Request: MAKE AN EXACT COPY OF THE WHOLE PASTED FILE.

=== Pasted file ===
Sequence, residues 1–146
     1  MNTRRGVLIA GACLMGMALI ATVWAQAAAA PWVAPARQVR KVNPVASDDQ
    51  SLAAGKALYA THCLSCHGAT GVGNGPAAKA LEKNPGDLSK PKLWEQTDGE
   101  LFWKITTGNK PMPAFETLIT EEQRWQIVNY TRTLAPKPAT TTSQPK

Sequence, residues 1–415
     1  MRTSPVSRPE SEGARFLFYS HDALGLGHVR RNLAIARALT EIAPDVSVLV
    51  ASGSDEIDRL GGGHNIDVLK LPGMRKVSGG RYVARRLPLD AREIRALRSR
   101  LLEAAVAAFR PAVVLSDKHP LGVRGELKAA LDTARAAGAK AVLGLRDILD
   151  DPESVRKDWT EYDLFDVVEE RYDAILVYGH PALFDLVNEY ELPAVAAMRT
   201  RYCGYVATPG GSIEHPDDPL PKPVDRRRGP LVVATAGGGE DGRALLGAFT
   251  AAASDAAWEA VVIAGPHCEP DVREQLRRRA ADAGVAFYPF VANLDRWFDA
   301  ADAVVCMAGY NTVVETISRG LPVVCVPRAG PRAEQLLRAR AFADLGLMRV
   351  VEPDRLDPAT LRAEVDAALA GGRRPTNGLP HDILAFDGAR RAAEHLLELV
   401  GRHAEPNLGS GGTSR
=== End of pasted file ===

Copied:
Sequence, residues 1–146
     1  MNTRRGVLIA GACLMGMALI ATVWAQAAAA PWVAPARQVR KVNPVASDDQ
    51  SLAAGKALYA THCLSCHGAT GVGNGPAAKA LEKNPGDLSK PKLWEQTDGE
   101  LFWKITTGNK PMPAFETLIT EEQRWQIVNY TRTLAPKPAT TTSQPK

Sequence, residues 1–415
     1  MRTSPVSRPE SEGARFLFYS HDALGLGHVR RNLAIARALT EIAPDVSVLV
    51  ASGSDEIDRL GGGHNIDVLK LPGMRKVSGG RYVARRLPLD AREIRALRSR
   101  LLEAAVAAFR PAVVLSDKHP LGVRGELKAA LDTARAAGAK AVLGLRDILD
   151  DPESVRKDWT EYDLFDVVEE RYDAILVYGH PALFDLVNEY ELPAVAAMRT
   201  RYCGYVATPG GSIEHPDDPL PKPVDRRRGP LVVATAGGGE DGRALLGAFT
   251  AAASDAAWEA VVIAGPHCEP DVREQLRRRA ADAGVAFYPF VANLDRWFDA
   301  ADAVVCMAGY NTVVETISRG LPVVCVPRAG PRAEQLLRAR AFADLGLMRV
   351  VEPDRLDPAT LRAEVDAALA GGRRPTNGLP HDILAFDGAR RAAEHLLELV
   401  GRHAEPNLGS GGTSR